Ghosts and Hauntings of Carrickfergus

There are numerous reports of hauntings in Carrickfergus – not surprising for a town with more than 800 years of history under its belt, including bloody battles, great fires and drawn-out sieges. While not strictly historical, stories of Carrick’s ghosts often still have some basis in reality. Here are a few such hauntings:

Carrickfergus Castle

A painting believed to be of a soldier (on left) and an officer (on right) of the 62nd (Wiltshire) Regiment of Foot. Note the headgear likely to have been worn by Buttoncap – or could Lavery have been a young officer?

Arguably Carrick’s most famous ghost is that of a soldier known now by the nickname “Buttoncap”. In reality the soldier in this legend was likely to have been a man by the name of Timothy Lavery, a drummer for the Army regiment stationed in the castle.

During the 1760s, Carrickfergus was garrisoned by the 62nd (Wiltshire) Regiment of Foot, who arrived in late 1759 or early 1760. As the story goes, a young English soldier called Robert Rainey – likely of this regiment – fell in love with a local girl by the name of Betsy Baird. Rainey, who had a reputation as a bit of a rogue, promised Betsy that he would change his ways if she agreed to marry him, which she eventually did.

Unbeknown to Rainey, Betsy had also begun a second secret relationship with the brother of his commanding officer, Lieutenant Colonel John Jennings (who was possibly also an officer). Rainey inevitably discovered the the infidelities of his fiancée and, when encountering Jennings brother in town one day, ran him through with his sword in a fit of rage. He sheathed his sword and calmly returned to his quarters.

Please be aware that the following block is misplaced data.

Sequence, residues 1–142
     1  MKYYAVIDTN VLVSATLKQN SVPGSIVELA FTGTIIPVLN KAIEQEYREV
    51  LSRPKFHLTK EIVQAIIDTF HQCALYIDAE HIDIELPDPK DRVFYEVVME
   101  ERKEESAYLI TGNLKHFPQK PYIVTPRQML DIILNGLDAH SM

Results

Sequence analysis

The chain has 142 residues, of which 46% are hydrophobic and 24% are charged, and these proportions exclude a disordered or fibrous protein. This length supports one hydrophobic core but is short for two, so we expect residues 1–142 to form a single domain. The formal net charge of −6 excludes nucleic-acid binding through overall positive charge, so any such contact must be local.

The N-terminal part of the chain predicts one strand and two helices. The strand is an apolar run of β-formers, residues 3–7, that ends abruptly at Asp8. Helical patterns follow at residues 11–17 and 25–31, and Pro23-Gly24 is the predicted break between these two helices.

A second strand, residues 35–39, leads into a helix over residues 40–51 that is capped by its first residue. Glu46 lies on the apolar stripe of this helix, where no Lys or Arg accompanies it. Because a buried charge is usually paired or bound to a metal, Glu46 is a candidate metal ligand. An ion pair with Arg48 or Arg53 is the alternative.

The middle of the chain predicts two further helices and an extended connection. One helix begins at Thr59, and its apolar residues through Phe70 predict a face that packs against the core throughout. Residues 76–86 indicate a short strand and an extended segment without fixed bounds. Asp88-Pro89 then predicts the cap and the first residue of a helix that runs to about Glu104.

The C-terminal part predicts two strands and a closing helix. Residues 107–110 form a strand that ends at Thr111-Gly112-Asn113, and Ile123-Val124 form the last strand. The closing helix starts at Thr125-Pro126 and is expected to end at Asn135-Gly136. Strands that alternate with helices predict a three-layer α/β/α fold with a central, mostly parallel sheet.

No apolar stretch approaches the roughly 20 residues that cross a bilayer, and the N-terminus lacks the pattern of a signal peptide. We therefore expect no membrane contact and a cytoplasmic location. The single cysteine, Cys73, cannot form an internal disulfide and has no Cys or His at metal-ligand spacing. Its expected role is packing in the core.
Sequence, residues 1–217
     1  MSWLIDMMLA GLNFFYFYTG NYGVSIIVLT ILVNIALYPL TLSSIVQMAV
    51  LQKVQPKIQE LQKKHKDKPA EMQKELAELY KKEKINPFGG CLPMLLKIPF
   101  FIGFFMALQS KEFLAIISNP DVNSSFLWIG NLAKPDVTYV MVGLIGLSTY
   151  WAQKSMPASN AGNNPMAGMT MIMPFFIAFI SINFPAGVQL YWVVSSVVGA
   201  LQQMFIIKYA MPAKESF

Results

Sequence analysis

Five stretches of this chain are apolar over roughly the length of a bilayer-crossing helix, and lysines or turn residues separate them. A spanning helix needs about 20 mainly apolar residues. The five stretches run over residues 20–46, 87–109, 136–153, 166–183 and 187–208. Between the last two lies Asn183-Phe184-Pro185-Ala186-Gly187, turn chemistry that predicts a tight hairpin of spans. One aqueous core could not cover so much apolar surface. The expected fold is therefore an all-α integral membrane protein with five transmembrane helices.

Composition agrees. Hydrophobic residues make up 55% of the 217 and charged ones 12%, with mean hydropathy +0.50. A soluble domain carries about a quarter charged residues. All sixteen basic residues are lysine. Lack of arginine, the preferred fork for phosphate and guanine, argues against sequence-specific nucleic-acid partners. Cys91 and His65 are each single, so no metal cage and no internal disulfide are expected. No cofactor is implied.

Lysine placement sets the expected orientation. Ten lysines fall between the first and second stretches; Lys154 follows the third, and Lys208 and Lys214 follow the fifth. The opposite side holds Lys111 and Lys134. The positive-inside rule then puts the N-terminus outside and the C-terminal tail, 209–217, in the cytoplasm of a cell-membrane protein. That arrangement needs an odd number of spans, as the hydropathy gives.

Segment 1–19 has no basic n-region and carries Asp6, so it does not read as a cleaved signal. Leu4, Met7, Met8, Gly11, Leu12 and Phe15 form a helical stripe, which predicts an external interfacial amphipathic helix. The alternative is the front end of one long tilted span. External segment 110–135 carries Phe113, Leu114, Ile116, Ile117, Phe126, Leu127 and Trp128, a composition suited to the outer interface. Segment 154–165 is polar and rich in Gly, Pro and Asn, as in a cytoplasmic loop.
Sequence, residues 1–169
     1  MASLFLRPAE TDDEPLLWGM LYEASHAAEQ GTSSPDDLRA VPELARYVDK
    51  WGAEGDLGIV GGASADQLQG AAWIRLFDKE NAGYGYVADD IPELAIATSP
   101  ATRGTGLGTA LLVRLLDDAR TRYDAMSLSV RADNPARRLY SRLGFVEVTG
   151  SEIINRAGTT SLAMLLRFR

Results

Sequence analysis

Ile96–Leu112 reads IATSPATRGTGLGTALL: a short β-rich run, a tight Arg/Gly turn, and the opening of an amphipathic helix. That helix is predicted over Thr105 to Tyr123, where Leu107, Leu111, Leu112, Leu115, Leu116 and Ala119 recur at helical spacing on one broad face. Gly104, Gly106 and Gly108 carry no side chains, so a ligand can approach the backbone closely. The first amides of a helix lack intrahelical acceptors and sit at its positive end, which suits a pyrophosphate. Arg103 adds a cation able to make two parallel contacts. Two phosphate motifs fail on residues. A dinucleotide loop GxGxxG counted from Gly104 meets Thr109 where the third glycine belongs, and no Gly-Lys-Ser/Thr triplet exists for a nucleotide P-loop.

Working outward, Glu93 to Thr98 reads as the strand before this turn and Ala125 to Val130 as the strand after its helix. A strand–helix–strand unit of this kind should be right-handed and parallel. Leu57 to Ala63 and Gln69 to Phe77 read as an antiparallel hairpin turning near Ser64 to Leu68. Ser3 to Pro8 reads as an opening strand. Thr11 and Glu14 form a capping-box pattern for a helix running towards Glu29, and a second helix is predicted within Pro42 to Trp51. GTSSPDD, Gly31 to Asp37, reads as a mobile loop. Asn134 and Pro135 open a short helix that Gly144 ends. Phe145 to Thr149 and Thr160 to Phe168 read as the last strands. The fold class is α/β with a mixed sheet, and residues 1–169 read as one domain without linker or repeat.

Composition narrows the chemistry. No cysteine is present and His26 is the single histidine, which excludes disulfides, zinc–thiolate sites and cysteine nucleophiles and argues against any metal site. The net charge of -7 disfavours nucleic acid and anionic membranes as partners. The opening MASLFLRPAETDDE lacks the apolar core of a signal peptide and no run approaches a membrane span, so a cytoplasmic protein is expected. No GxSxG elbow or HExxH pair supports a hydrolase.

Before dying, the victim was able to recount to Jennings what had occurred, but in doing so accused another soldier Timothy Lavery, who bore a striking resemblance to Rainey. Lavery, an unfortunate victim of mistaken identity, was tried for the murder of his fiancée’s lover and despite his constant denials was found guilty and sentenced to death.

Following standard procedure of the day, Lavery will have been taken to Gallows Green near Rhanbuoy in the outskirts of the town and hanged. Lavery is said to have addressed his executioners as the noose was placed around his neck and vowed to haunt the castle forever more.

Rainey allegedly confessed his crime some years later, some say on his death-bed.